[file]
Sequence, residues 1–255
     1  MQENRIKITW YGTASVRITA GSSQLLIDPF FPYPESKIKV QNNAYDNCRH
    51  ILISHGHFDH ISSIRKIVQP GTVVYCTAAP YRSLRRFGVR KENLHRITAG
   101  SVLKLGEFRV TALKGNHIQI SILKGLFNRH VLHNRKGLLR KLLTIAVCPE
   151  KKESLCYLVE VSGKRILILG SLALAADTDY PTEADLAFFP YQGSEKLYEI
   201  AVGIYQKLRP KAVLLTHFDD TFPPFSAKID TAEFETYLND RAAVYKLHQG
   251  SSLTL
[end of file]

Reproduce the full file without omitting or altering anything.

Sequence, residues 1–255
     1  MQENRIKITW YGTASVRITA GSSQLLIDPF FPYPESKIKV QNNAYDNCRH
    51  ILISHGHFDH ISSIRKIVQP GTVVYCTAAP YRSLRRFGVR KENLHRITAG
   101  SVLKLGEFRV TALKGNHIQI SILKGLFNRH VLHNRKGLLR KLLTIAVCPE
   151  KKESLCYLVE VSGKRILILG SLALAADTDY PTEADLAFFP YQGSEKLYEI
   201  AVGIYQKLRP KAVLLTHFDD TFPPFSAKID TAEFETYLND RAAVYKLHQG
   251  SSLTL